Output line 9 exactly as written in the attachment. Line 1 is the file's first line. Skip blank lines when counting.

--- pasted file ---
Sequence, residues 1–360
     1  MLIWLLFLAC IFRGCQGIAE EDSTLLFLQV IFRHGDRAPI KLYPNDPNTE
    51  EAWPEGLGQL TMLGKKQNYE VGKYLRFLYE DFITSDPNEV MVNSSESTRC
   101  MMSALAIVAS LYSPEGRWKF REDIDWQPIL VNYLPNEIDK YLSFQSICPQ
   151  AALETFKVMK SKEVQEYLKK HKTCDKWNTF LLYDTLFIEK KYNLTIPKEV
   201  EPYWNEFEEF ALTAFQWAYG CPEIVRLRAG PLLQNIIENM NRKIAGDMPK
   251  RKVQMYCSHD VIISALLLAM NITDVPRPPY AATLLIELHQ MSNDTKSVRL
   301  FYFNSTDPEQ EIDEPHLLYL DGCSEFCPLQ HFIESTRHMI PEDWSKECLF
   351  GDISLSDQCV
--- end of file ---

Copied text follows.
   351  GDISLSDQCV